Findings from a study published in Nature Medicine showed that 1-year risks and burdens of cardiovascular diseases among people who survive the acute phase of coronavirus disease 2019 (COVID-19) are substantial and span several cardiovascular disorders.
“We provide evidence that, beyond the first 30 days of infection, people with COVID-19 exhibited increased risks and 12-month burdens of incident cardiovascular diseases, including cerebrovascular disorders, dysrhythmias, inflammatory heart disease, ischemic heart disease, heart failure, thromboembolic disease and other cardiac disorders,” wrote Yan Xie, VA St Louis Health Care System, St. Louis, Missouri, and colleagues. “These risks and burdens were evident even among individuals who were not hospitalised during the acute phase of the infection and increased in a graded fashion according to the care setting during the acute phase (non-hospitalised, hospitalised and admitted to intensive care).”
Further, the researchers noted that “the risks were evident regardless of age, race, sex and other cardiovascular risk factors, including obesity, hypertension, diabetes, chronic kidney disease and hyperlipidaemia; they were also evident in people without any cardiovascular disease before exposure to COVID-19, providing evidence that these risks might manifest even in people at low risk of cardiovascular disease.”
For the study, the researchers used national healthcare databases from the US Department of Veterans Affairs to built a cohort of 153,760 individuals who survived the first 30 days of COVID-19, as well as two control cohorts: a contemporary control cohort comprising 5,637,647 individuals with no evidence of severe acute respiratory syndrome coronavirus 2 (SARS-CoV-2) infection and a historical cohort (pre-dating the COVID-19 pandemic) comprising 5,859,411 non-SARS-CoV-2-infected individuals.
Median follow-up time in the COVID-19, contemporary control and historical control groups was 347 (interquartile range, 317–440), 348 (318–441) and 347 (317–440) days, respectively. The COVID-19 group had 159,366 person-years of follow-up, while the contemporary control and historical control groups had 5,854,288 and 6,082,182 person-years of follow-up, respectively.
Overall, compared to the contemporary control group, increased risks of major adverse cardiovascular event (hazard ratio [HR] 1.55 [95% confidence interval (CI) 1.50-1.60]), any cardiovascular outcome (HR 1.63 [1.59-1.68]), a composite of dysrhythmia outcomes (HR 1.69 [1.64-1.75]), inflammatory diseases of the heart or pericardium (HR 2.02 [1.77-2.30]), thromboembolic disorders (HR 2.39 [2.27-2.51]) at 12 months were observed among people with COVID-19.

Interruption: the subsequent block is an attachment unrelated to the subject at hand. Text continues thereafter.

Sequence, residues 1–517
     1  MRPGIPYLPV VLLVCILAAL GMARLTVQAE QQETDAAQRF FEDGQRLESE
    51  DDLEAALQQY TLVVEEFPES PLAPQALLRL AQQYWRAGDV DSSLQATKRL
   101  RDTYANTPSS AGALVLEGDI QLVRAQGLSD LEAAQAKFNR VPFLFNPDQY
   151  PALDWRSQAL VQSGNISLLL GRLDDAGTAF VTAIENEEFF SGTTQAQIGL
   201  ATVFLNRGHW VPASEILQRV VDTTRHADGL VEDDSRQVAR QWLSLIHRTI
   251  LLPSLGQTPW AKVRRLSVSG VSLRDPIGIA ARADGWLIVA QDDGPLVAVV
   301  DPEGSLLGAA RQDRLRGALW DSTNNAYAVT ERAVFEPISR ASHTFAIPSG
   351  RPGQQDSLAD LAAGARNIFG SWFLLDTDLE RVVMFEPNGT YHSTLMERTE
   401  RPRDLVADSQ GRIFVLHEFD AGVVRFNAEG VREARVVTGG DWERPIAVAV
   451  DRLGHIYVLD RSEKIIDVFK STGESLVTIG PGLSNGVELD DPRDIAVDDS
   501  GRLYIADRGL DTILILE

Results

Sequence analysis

In particular, people who survived the first 30 days of COVID-19 exhibited increased risk of stroke (HR 1.52 [1.43, 1.62]), acute coronary disease (HR 1.72 [1.56, 1.90]), myocardial infarction (HR 1.63 [1.51, 1.75]) at 12 months compared to those in the contemporary control group.
When the researchers examined the risks and burdens of the pre-specified outcomes in a cohort of people without any cardiovascular disease at baseline, they found that the results were consistent with those shown in the primary analyses. In addition, compared to the contemporary control group, the risks and 12-month burdens of the pre-specified cardiovascular outcomes increased according to the severity of the acute infection.
Similarly, the researchers found that risks and associated burdens of the pre-specified outcomes were also increased among people with COVID-19 compared with the overall historical control group.
“Our results provide evidence that the risk and 1-year burden of cardiovascular disease in survivors of acute COVID-19 are substantial. Care pathways of those surviving the acute episode of COVID-19 should include attention to cardiovascular health and disease,” the researchers concluded, adding that “the difference-in-differences analyses, which are designed to further investigate the causality of study findings, show that the increased risks of post-acute COVID-19 cardiovascular outcomes are attributable sequelae to COVID-19 itself,” and that “the results were robust to challenge in multiple sensitivity analyses.”